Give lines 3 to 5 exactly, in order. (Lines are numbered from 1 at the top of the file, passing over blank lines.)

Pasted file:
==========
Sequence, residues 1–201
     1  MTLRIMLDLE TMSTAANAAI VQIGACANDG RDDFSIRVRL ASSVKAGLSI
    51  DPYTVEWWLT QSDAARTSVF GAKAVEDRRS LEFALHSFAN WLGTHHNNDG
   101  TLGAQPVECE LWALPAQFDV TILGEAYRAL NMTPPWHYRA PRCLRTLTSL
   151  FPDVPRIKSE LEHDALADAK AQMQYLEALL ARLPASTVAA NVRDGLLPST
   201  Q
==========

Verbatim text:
    51  DPYTVEWWLT QSDAARTSVF GAKAVEDRRS LEFALHSFAN WLGTHHNNDG
   101  TLGAQPVECE LWALPAQFDV TILGEAYRAL NMTPPWHYRA PRCLRTLTSL
   151  FPDVPRIKSE LEHDALADAK AQMQYLEALL ARLPASTVAA NVRDGLLPST